Wren, the first bird to sing at dawn, is known as the Herald of Dawn. It calls out its joy as each day begins.
There are 88 species of wren found in the Americas. The house wren, who is fond of nesting near human homes, is the most common. Only the Eurasian wren – called “wren” in English speaking lands – is found in Europe and Asia .
This tiny bird has been successful in navigating the millennia as wren fossils have been discovered dating back to the last Ice Age, 10-120,000 years ago.
Though we are all familiar with wrens’ songs, they are elusive birds and very hard to actually see. Small in stature and quick in movement – Wren is symbolic of activity and agility. Also associated with determination – wren will fiercely protect its nest against threats of all sizes.
Wren’s scientific name , Troglodytidae, derives from the word “troglodyte”, meaning “cave-dweller.” Wrens scurry through the undergrowth, scramble over brambles, root for food in dark crevices and hide from cold in holes.
Wren’s industrious determination is seen in the male’s attempt to mate with a female. He builds several nests, hoping she choses one of his. She then finishes it off with feathers and soft mosses.
The Celts honored Wren’s diligence which reminded them to make progress each day in their own endeavors.
Wrens are relatively harmless, friendly birds. They are in constant communication with each other with their chirping songs – songs to attract a mate, to scare off predators, to warn others of danger and simply songs of joy.
Free-spirited wrens are restless creatures, on the move from sun-up to sun-down.
Most wrens are migratory, some flying up to 1500 miles between winter and summer grounds.
As weather gets colder non-migratory wrens in the UK get even friendlier. Communal roosts are established for warmth on cold winter nights. There are records of several dozen wrens roosting together.
The Celts believed that wren’s song was a greeting to their friends and that a wren’s feather worked as protection against drowning.
Wren was associated with Chlíodhna, Celtic Sea Goddess, who often appeared as a woman on the seashore. Men, seduced by her beauty, chose to return with her to the Otherworld island of Tir Tairngire, only to never be seen again in this world. One man tried to kill her but she transformed into a wren and escaped.
Centuries later another legend emerged of a mermaid who lured sailors to their death, only to transform into a wren if pursued. The sailors complained so the gods commanded her to appear every New Year’s Day as a wren to be hunted and killed. A feather from that hunted wren was believed to give protection from drowning.
Manx fisherman believed that a dead wren brought luck. But others believed that killing a wren would result in bad luck.
Wren, sacred to the Celtic poet, Taliesin, inspired bards and was associated with poetry, art and song
Wren reminds you of the importance of expressing yourself, of sharing your thoughts, and to look for inspiration and luck, floating light as a feather, on the winds of change.
Tiny wrens are bold and fast, rarely taking a direct route. Migrating wrens fly higher than most birds.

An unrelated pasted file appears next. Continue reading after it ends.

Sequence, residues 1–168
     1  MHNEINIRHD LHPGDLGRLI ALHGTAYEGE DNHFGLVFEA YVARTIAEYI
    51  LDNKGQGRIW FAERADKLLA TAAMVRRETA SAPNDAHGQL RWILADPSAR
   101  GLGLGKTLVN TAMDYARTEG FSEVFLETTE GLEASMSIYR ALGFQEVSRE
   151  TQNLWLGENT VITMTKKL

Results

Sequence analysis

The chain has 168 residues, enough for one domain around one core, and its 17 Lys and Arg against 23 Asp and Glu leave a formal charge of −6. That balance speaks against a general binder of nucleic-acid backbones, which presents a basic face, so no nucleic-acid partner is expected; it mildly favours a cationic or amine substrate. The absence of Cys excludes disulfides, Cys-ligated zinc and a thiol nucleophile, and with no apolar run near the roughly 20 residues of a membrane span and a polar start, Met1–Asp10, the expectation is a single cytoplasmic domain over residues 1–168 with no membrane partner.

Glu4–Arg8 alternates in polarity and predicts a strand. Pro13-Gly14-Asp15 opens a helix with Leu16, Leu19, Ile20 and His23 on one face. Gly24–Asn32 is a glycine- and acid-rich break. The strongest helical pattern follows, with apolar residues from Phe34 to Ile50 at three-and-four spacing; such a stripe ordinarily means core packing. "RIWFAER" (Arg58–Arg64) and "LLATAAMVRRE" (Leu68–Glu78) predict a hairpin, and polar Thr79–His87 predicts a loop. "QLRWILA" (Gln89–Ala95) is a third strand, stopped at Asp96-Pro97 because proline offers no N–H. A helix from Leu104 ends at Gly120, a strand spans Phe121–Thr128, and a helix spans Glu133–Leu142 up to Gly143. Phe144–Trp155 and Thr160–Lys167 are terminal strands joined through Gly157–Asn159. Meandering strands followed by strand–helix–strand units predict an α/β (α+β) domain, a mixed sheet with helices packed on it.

The Welsh word for wren ‘ “drwy” – derives from “Druid.” The Irish called wren “Drui-en” – the Druid bird. Like the Druids, Wren was known for its cunning – its ability to navigate the heights, the hedges – and though small, to win out over larger predators.
Wren’s quick-wittedness and cunning is how it won the title “King of the Birds.” The story goes that all the birds decided to have a contest among themselves – whoever flew the highest would become “King of Birds.” The race began and Eagle took the lead. High in the sky, he slowed to claim his title. But then Wren, who was hiding in Eagle’s feathers, emerged, flew higher and won the tile.
Greek philosopher, Plutarch, interpreted this story as a lesson that clever use of another’s skills can be a positive way to reach a goal.
Scholars believe that wren’s first association with kings goes back to the Greeks. The Greek word “basilikos,” means “little king.” In English the first reference to Wren as King doesn’t appear until around 1220. Interestingly in this tale the cunning wren was raised by humans – not in the wild.
And then another English tale grew, one in which the wren’s song supposedly revealed where St. Stephen was hiding. St Stephen, the first Christian martyr, was actually stoned to death in Jerusalem while defending his faith before a rabbinic court in 36 CE. Christianity did not begin to be prominent in Britain until the 4th Century CE.
After this story took hold, Wren Day, whose origins are unknown, began to be practiced in many parts of the British Isles on December 26, St Stephen’s Day.
It became the custom for a group of boys called Wren Boys to capture and sometimes kill a wren who they paraded around town at the end of a pole while asking for alms and singing the Wren Song.
But perhaps Wren Day’s origin lies in pre-Celtic midwinter celebrations and sacrifices. Historical sources recount that the “cult of the Wren” pre-dates agriculture and arrived in the British Isles during the Bronze Age by megalith builders. Celtic myth associates Wren with the old year. It is believed they hunted wren in mid-winter for a ritual sacrifice, assuring the return of light and fertility.
From ancient times when nature was sacred, when Mother Earth ruled supreme, to the ongoing conquests of patriarchal ideologies and the resulting layering of patriarchal beliefs, Wren has become one of the animals with contradictory symbolic associations – lucky, unlucky – good, bad – all determined by cultural point of view and influenced by women’s place in society.